Montessori classes thrive when the number of children in the class is substantial. The Montessori model of education is not like the traditional one, where children are grouped by age, the teacher is the focus of the class and the method of instruction is from teacher to children. In the Montessori model, the teacher presents new concepts and materials to individual children or small groups. Children pursue their own work independently or in a small group to practise concepts or to repeat activities shown in order to acquire mastery. The teacher moves throughout the classroom environment giving lessons, offering assistance, and directing children as needed. This creates a dynamic learning environment in which children see many different activities underway throughout the day. This dynamic often spurs children to choose activities or gives them ideas for their own work.
Mixed age groupings and class sizes are interrelated. For example, in a class of 3, 4 and 5 year olds there are three different age groupings. When the class size is small, the number in each cohort is also small. So, in a class of 24 children, there will be approximately 8 children in each age group. As the class size increases, the number of activities to observe, the number of potential workmates and peers of one's own age increases. Children collaborate and help each other in this sort of environment, so, when the overall class size is large, it increases the number of social contacts and experiences a child may have.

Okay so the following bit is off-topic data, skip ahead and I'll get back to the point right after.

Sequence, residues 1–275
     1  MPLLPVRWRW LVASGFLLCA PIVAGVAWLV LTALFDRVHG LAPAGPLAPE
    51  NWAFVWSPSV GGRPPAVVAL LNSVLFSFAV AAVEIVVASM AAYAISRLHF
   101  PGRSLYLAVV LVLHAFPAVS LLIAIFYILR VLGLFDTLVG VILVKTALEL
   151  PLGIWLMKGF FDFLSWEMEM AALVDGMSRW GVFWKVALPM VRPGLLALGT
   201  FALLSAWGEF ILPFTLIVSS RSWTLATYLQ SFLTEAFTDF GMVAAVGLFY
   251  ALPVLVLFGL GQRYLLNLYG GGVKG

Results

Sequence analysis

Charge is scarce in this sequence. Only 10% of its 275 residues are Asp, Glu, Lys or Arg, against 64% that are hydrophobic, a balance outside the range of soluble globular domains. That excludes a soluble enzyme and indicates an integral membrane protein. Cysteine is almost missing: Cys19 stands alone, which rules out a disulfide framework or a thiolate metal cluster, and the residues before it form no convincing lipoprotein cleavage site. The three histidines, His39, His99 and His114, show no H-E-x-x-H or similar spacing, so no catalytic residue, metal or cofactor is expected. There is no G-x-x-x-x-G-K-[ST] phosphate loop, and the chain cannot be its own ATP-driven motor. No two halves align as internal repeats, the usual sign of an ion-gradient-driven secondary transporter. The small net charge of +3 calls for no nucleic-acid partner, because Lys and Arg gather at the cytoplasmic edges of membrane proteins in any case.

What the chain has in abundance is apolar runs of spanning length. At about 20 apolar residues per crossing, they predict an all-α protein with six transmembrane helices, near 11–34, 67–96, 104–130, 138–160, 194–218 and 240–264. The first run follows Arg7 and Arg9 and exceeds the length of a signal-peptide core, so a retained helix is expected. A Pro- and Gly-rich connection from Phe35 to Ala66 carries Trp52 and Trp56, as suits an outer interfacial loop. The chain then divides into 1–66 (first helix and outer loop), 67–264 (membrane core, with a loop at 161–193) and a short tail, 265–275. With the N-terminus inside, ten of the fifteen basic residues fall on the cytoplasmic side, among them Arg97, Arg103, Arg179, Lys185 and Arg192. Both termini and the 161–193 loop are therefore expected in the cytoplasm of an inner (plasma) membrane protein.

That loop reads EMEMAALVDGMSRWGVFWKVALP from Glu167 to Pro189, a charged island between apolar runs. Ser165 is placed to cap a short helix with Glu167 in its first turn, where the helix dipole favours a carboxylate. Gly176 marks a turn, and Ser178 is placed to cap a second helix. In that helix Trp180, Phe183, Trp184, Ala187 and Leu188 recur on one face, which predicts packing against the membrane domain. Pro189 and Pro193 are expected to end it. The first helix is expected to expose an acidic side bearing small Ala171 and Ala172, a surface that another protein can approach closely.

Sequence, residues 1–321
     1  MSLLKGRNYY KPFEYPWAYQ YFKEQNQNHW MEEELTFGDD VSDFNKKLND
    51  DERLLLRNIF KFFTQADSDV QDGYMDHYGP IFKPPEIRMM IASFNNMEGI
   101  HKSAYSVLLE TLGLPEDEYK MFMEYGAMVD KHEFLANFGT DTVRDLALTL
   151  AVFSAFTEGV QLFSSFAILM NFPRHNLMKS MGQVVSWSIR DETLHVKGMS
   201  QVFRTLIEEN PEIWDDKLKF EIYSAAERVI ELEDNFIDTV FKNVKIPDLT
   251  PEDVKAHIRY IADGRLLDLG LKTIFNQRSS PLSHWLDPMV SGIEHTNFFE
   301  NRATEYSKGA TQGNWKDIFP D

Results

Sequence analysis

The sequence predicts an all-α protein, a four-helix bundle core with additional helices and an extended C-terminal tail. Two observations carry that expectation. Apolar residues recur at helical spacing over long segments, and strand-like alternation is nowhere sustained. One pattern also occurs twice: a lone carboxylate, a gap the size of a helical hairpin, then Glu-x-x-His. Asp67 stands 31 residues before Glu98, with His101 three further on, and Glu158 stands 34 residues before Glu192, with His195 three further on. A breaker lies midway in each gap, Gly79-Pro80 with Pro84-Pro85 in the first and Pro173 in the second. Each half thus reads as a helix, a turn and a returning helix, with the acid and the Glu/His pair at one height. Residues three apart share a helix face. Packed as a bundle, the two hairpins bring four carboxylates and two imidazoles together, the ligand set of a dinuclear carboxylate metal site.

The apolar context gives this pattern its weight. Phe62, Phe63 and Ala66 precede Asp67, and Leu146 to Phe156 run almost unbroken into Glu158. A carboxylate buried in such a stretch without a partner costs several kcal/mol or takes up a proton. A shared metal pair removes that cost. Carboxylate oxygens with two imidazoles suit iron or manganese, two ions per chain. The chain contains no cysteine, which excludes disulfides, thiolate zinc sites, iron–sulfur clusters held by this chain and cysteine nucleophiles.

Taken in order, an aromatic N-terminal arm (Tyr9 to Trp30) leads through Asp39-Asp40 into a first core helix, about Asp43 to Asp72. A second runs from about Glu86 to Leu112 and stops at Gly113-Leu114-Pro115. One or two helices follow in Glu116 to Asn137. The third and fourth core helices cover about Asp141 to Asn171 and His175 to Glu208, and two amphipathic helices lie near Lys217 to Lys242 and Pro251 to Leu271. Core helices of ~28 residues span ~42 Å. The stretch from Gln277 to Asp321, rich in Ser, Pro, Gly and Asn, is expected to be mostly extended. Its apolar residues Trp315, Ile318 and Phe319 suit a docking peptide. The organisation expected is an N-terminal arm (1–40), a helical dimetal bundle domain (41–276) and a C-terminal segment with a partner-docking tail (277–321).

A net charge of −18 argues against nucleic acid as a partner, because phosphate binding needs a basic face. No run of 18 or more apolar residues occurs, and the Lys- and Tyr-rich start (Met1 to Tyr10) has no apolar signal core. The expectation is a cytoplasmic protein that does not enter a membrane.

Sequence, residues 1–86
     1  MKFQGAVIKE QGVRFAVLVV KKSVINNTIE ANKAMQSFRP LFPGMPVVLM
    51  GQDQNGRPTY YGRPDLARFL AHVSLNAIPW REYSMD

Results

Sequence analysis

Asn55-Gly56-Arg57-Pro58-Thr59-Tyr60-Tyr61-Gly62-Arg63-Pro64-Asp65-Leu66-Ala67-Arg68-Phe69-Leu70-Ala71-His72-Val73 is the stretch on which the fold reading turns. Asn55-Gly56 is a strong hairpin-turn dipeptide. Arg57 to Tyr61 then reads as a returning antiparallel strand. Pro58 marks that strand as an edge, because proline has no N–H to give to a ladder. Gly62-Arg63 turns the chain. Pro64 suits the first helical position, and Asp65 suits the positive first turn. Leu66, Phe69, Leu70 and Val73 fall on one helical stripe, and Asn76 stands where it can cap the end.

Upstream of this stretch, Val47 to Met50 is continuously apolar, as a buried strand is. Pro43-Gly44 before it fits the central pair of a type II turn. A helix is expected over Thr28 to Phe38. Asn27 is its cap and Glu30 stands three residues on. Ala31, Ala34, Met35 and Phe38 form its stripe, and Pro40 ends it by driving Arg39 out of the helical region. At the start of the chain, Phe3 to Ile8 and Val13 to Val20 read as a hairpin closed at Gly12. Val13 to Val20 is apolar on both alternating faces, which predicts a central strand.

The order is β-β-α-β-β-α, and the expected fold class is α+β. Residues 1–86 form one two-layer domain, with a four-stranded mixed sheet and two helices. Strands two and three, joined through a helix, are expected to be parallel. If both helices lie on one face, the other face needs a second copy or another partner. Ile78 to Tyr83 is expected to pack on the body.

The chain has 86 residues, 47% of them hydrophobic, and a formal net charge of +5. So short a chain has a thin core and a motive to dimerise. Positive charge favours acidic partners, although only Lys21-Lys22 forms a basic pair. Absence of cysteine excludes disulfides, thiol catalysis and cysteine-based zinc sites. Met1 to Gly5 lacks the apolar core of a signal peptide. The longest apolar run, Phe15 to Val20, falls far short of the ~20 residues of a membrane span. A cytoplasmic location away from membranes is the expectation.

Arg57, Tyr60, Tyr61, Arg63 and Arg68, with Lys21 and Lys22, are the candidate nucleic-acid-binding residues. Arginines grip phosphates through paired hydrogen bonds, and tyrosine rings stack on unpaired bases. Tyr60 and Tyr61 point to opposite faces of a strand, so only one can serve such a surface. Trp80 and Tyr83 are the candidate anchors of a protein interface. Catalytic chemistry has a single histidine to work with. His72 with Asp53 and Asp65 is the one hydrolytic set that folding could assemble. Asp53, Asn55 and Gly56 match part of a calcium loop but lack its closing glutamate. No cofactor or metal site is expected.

Physical, social and intellectual independence are all supported by larger class sizes. Children try to do things themselves and to figure things out when they are given the opportunity to do so. Children will help each other or are encouraged to try on their own when the adult is engaged in giving lessons to others. This supports the growth of independence, self-confidence and a feeling of competence.